Many New Orleans-area business owners seeking federal forgivable loans will have to wait until Congress adds more money in order to apply or advance their current applications to the funding stage.
The Small Business Administration said Thursday that the $349 billion Paycheck Protection Program, which began accepting applications on April 3, has hit its funding limit and is on hold. The Trump administration has requested another $250 billion for the program.
The PPP includes eight weeks of forgivable cash flow through 100% federally guaranteed loans to cover payroll, salaries, rent, utilities and other debt obligations. Banks are in charge of processing applications with the U.S. Small Business Administration, approving loans and distributing money to customers.
Some New Orleans-area banks said they are still accepting applications, while others were considering whether to pause the process.
At Fidelity Bank, which has been helping current clients as well as non-clients secure the loans, president and CEO Chris Ferris said a decision was expected by the end of Thursday and would be announced on the bank’s website.
As of Thursday, Fidelity had received approval for 884 of 1,695 applications for a total of nearly $122 million in approved loans. A large majority of those have been funded, he said.
Ferris said that for those still waiting on applications to be approved, “We are advising them to sit tight, they are in the queue, and as soon as more funding is appropriated we will pick up where we left off.”
But with political haggling ongoing in Washington, D.C., “My concern is that there will be a long delay in refunding the program,” he said.
The Associated Press reports that the outlook for the legislation is unclear, and negotiators were unlikely to meet a potential deadline of a vote during Thursday afternoon’s pro forma session.
Other community banks said they are still accepting applications as they wait on the talks to play out.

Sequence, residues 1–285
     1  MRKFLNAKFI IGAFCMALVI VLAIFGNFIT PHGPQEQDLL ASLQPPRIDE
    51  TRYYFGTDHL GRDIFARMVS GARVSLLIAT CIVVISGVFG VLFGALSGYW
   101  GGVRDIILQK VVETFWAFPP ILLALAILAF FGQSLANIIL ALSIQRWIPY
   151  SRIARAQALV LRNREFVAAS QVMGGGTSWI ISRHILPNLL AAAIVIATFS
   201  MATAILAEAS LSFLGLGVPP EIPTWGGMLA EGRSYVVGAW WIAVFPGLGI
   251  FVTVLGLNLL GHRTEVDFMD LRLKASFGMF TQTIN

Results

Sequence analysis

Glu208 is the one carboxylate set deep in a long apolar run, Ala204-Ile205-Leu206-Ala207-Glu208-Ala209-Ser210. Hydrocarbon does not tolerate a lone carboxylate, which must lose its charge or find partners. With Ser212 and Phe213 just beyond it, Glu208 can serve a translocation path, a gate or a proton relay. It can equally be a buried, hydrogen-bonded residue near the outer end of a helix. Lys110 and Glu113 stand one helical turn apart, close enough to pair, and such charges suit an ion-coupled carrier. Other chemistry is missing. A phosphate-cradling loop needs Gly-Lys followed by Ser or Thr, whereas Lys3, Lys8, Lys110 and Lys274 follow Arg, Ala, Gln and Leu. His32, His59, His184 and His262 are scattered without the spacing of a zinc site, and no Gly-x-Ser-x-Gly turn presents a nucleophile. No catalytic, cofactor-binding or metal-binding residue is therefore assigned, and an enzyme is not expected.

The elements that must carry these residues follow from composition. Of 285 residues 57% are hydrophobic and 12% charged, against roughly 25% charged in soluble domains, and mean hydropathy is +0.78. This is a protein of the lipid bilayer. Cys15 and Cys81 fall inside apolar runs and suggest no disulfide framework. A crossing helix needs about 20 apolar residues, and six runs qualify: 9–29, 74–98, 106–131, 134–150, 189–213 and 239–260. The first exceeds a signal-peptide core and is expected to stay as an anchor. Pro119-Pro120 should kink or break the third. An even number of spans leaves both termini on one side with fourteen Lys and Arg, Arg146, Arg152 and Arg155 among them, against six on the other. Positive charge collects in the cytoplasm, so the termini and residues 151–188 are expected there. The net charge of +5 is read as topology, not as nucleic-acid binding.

“Yes, we will continue to accept applications. Given the importance of this SBA program to the survival of our local small businesses, we expect Congress to appropriate additional funds to the PPP loan pool, hopefully in the near future,” said Ron Samford, president and CEO of Metairie Bank.
Before the program exhausted its funding, Metairie Bank had obtained SBA approval for 322 loan applications, totaling $34.4 million in support of over 4,000 jobs. Of those applications, $15.5 million, or 45%, have been funded. Another 137 loan applications are waiting to be submitted to the SBA.
Guy Williams, president and CEO of Gulf Coast Bank & Trust, said his bank is still accepting applications as well.
Some customers of Capital One Bank, which has one of the largest market shares in Louisiana, have been unable to apply for loans due to the bank testing a new digital application process. On Thursday, the bank updated its website to say it had started accepting digital applications “in phases” and continues to do so.
Banks are encouraging applications to be submitted online rather than in a branch or over the phone.
Amid the SBA’s announcement, Greater New Orleans, Inc. moved forward with a video conference with local banking officials, attorneys and small business advisers explaining the various federal and state lending programs to business owners.
“We know the PPP program ran out of money today, and obviously we will put full-court pressure on Washington, D.C. to get the next round funded,” GNO Inc. president and CEO Michael Hecht told participants.
Chris Kane, a partner at Adams and Reese who served as a panelist on the call, said, “We expect this program to be (refunded). We feel fairly comfortable this is going to happen.”
While the forgiveness portion of the PPP is attractive, the panelists said some business owners might consider applying for an SBA Economic Disaster Injury Loan or another SBA program if they are interested in a longer-term strategy for cash preservation.
“It depends on their situation. How quickly they will be able to reopen, is there a pivot they can make, what do their finances look like right now? If they currently have a loan, can they take on an additional loan?” said Carmen Sunda, director of the LSBDC Greater New Orleans and Bayou Region, an organization providing free services to businesses needing assistance.
Businesses can apply for both the PPP and EDIL, but must make sure the loan proceeds are not used for the same purpose. The state of Louisiana also is offering a loan program for smaller businesses, although not all banks are currently participating.
For a comparison of loan programs, click here.
For additional funding options for small businesses and entrepreneurs, click here.